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A sylphon is an old name for a cylindrically symmetrical metal bellows. When made of metal, the sylphon shape was formerly created by metal spinning onto a metal mandrel (model), and now by hydrostatic forming within a mold. Because the mold contains the convolutions of the bellows, the mold must be constructed in parts so that it can be disassembled when the forming process is complete. Experimental physicist John Strong makes occasional use of the term sylphon in his book Procedures in Experimental Physics.[1]

A sylphon, or bellows, is used, among other purposes, to transfer motion through the wall of a vacuum chamber. It can be used as a squeeze piston for simple pumps. It can also be used as a flexible coupling to transfer rotary motion between shafts.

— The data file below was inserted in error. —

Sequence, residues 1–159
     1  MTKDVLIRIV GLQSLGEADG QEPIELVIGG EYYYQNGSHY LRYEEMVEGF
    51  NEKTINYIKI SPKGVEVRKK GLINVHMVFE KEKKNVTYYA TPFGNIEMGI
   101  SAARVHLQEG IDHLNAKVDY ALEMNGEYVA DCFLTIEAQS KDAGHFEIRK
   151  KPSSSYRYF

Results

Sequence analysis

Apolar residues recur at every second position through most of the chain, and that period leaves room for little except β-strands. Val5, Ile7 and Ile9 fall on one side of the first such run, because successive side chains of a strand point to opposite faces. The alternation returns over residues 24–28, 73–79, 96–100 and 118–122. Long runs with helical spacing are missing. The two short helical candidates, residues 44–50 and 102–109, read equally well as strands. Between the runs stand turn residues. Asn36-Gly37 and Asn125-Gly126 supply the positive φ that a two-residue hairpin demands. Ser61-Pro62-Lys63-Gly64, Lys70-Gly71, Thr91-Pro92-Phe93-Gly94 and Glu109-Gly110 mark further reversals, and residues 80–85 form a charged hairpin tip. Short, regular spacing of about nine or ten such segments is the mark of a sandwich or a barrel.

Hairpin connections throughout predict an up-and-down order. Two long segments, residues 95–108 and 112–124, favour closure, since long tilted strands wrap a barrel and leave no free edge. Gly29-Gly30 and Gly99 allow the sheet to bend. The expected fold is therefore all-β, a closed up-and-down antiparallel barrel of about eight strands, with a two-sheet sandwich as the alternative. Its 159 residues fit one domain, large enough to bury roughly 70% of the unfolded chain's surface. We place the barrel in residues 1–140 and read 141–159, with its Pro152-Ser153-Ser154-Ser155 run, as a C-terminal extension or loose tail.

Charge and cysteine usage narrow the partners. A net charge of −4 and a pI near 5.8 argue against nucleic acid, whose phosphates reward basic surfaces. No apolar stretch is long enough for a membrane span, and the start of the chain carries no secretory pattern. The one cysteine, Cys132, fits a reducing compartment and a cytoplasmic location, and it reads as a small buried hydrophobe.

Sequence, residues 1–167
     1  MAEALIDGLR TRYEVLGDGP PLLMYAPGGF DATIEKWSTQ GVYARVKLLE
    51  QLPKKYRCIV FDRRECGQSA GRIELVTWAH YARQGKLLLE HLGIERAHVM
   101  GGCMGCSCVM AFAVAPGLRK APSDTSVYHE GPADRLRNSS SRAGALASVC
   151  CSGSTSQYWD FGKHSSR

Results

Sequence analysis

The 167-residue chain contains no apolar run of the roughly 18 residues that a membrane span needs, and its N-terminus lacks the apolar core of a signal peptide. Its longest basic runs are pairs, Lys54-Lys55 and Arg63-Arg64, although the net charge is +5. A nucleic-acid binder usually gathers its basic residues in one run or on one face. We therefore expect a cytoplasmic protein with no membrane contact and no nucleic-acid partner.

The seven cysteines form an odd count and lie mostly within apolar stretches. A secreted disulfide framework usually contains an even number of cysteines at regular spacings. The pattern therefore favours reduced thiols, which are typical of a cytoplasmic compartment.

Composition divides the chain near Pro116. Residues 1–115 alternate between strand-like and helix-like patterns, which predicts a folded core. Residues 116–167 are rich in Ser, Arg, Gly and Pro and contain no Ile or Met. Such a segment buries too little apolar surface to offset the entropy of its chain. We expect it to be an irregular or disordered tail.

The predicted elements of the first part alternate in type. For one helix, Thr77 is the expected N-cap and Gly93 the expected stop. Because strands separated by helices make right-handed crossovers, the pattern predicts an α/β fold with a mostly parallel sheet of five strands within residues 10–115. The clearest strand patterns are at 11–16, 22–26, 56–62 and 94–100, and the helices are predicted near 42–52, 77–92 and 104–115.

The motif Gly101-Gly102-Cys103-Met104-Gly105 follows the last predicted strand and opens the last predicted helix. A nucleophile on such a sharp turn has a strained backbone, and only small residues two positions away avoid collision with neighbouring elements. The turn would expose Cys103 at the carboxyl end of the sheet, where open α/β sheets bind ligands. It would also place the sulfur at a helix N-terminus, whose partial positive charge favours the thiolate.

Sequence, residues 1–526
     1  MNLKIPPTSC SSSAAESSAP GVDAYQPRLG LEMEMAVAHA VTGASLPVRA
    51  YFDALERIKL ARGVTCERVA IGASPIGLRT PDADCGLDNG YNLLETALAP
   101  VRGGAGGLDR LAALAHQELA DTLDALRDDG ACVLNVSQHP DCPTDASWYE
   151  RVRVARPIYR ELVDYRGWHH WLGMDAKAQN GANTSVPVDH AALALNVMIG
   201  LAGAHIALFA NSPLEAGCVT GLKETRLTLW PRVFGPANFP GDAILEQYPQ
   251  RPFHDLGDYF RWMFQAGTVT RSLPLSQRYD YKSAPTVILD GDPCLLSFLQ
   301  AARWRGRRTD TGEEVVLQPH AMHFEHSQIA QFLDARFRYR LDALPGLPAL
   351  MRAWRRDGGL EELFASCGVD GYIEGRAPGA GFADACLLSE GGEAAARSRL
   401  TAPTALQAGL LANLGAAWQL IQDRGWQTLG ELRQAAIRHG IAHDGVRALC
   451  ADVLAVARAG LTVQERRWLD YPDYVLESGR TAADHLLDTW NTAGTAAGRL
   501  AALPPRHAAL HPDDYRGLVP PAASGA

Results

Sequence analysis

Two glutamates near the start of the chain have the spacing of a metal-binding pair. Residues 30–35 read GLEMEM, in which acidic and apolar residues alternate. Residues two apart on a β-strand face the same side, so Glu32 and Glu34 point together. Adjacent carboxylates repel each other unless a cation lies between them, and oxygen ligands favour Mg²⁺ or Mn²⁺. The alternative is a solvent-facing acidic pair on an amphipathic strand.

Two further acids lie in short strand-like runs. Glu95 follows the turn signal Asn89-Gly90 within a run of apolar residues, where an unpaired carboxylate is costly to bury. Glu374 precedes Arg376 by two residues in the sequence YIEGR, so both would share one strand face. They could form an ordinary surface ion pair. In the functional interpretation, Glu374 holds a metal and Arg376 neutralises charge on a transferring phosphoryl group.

The sylphon was invented in the early 1900s by meteorologist Weston Fulton (1871–1946), who named it for the sylphs of Western mythology.[2] Also, a trade name used by Johnson Controls for pneumatically operated valves and damper actuators utilizing a metal bellows, they were rendered obsolete in the 1930s and 40s.


  1. ^ Strong, John (1986). Procedures in Experimental Physics. ISBN 0917914562.
  2. ^ Jack Neely, "Miracle on Third Creek," Metro Pulse, 5 October 2000. Retrieved: 30 September 2011.